Amid a growing backlash over AI's racial and gender biases, numerous tech giants are launching their own ethics initiatives -- of dubious intent. The schemes are billed as altruistic efforts to make tech serve humanity. But critics argue their main concern is evading regulation and scrutiny through "ethics washing." At least we can rely on universities to teach the next generation of computer scientists to make. Only 15% of instructors and professors said they're teaching AI ethics, and just 18% of students indicated they're learning about the subject.
Artificial intelligence has long caused fear of job loss across many sectors as companies look for ways to cut costs, support workers and become more profitable. But new research suggests that even in STEM-based sectors like cybersecurity, AI simply can't replace some traits found only in humans, such as creativity, intuition and experience. There's no doubt, AI certainly has its place. And most business leaders agree that AI is important to the future success of their company. A recent survey found CEOs believe the benefits of AI include creating better efficiencies (62 percent), helping businesses remain competitive (62 percent), and allowing organizations to gain a better understanding of their customers, according to Ernst and Young.
If companies were already investing in automation and AI technologies before March 2020, they have only accelerated those investments since. No one expected the jolt the COVID-19 pandemic would bring to business. With leaders looking for ways to avoid human contact, machines, software, and new processes that avoid those humans are even more imperative. That's why we've committed a whole day of our Transform 2020 digital conference to the Technology and Automation Summit, presented by collaborative data science software maker Dataiku, on July 15. Hear from industry leaders at Dataiku, Intuit, Chase, Walmart, Goldman Sachs, and more about their journeys and learnings in implementing these technologies, how they unlocked value/ROI from them, and their thoughts about what the future holds.
The image of robots working on a factory floor is being replaced with the reality of robots working in a myriad of industries ranging from healthcare and logistics to retail and telecommunications. How are these robotic systems affecting these industries? This past June TechRepublic Premium surveyed 234 professionals to find out. This ebook, based on the latest ZDNet / TechRepublic special feature, looks at how the explosive growth in robotics is affecting specific industries, like healthcare and logistics, and the enterprise more broadly on issues like hiring and workplace safety. According to the majority of survey respondents (65%), robots and robotic systems do not play a significant role in their industry right now.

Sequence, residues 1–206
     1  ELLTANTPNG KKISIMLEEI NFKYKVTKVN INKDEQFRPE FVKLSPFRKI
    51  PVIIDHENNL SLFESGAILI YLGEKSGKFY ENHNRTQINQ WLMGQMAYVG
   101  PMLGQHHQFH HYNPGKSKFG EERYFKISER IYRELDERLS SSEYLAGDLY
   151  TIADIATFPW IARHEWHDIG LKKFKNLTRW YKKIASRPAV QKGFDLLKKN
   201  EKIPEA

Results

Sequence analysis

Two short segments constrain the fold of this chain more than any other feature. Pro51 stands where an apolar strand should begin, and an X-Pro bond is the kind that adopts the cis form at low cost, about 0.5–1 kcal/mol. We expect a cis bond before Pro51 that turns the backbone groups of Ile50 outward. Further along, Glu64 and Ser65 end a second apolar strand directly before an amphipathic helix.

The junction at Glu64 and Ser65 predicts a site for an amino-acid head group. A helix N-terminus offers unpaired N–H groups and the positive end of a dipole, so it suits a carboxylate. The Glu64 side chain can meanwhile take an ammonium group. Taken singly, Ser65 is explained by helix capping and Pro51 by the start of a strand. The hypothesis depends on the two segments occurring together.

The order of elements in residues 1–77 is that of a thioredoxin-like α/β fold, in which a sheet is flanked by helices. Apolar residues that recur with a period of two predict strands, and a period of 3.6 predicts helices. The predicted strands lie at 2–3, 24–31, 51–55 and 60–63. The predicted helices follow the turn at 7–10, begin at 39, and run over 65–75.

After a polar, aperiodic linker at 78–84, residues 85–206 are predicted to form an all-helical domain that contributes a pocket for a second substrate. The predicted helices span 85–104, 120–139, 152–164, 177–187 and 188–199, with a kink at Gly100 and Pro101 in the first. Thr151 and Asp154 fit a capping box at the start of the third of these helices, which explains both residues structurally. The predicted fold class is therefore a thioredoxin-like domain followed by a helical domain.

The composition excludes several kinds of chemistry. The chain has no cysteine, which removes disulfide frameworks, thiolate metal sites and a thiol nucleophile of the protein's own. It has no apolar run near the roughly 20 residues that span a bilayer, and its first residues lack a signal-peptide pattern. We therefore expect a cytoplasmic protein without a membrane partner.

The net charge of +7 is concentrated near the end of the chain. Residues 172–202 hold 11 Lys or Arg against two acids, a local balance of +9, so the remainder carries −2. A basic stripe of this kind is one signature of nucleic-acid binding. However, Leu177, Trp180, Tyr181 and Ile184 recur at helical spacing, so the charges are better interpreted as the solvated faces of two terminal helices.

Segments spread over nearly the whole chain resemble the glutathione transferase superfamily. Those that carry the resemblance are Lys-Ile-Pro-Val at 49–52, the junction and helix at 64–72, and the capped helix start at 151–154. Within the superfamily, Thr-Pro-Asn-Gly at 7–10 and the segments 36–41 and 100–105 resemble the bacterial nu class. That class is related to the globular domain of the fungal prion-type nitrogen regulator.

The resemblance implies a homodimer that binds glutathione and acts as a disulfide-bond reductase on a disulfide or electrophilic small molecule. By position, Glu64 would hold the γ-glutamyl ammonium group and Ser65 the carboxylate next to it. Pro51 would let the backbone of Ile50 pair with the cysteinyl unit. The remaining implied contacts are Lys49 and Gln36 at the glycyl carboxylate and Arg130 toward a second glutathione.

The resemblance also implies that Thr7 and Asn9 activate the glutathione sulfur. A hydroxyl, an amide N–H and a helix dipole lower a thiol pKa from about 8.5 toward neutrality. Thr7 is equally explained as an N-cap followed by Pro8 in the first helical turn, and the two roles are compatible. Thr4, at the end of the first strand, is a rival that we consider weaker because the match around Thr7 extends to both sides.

In this episode of the McKinsey on AI podcast miniseries, McKinsey's David DeLallo speaks with McKinsey Global Institute partner Michael Chui and associate partner Bryce Hall about the latest trends in business adoption of artificial intelligence (AI). They discuss where the technology is being used most across industries, companies, and business functions; the keys to getting impact from AI investments; and what lies ahead. There's no shortage of predictions about how it could fundamentally change the way we live and work. Over the past few years, companies around the world have been figuring out exactly how AI technologies can improve their performance in a number of areas across their business. But is AI actually delivering significant results? Moreover, what can we expect to see as we move into a new decade of AI use and development? To answer some of these questions today, I'm joined by Michael Chui, a McKinsey partner with the McKinsey Global Institute, who is based in our San Francisco office, and associate partner Bryce Hall from our Washington, DC, office.
Personalized marketing for retail consumers and account-based marketing for B2B customers now have proven value. Online interactions with customers generate large volumes of data for granular learning about consumer behavior for customization of product recommendations, messages, and content. The missing piece is a scalable and just-in-time way to gauge customer preferences and make product recommendations while visitors engage with websites. Deep reinforcement learning algorithms have been trained at the threshold level where they begin to achieve conversion rates to match the costs of data analysis. The touchstone of reinforcement learning (RL) is that it experiments with multiple pathways to achieve the objective of acquiring customers or any other goal.